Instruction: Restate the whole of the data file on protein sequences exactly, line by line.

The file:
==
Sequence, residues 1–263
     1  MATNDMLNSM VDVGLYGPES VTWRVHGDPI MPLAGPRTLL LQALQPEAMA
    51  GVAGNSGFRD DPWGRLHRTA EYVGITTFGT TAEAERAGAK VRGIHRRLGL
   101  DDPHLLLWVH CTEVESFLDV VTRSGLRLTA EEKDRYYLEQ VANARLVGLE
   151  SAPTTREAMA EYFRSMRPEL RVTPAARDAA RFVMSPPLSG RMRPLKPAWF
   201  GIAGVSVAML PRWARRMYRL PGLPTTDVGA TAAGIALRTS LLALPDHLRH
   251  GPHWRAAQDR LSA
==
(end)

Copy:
Sequence, residues 1–263
     1  MATNDMLNSM VDVGLYGPES VTWRVHGDPI MPLAGPRTLL LQALQPEAMA
    51  GVAGNSGFRD DPWGRLHRTA EYVGITTFGT TAEAERAGAK VRGIHRRLGL
   101  DDPHLLLWVH CTEVESFLDV VTRSGLRLTA EEKDRYYLEQ VANARLVGLE
   151  SAPTTREAMA EYFRSMRPEL RVTPAARDAA RFVMSPPLSG RMRPLKPAWF
   201  GIAGVSVAML PRWARRMYRL PGLPTTDVGA TAAGIALRTS LLALPDHLRH
   251  GPHWRAAQDR LSA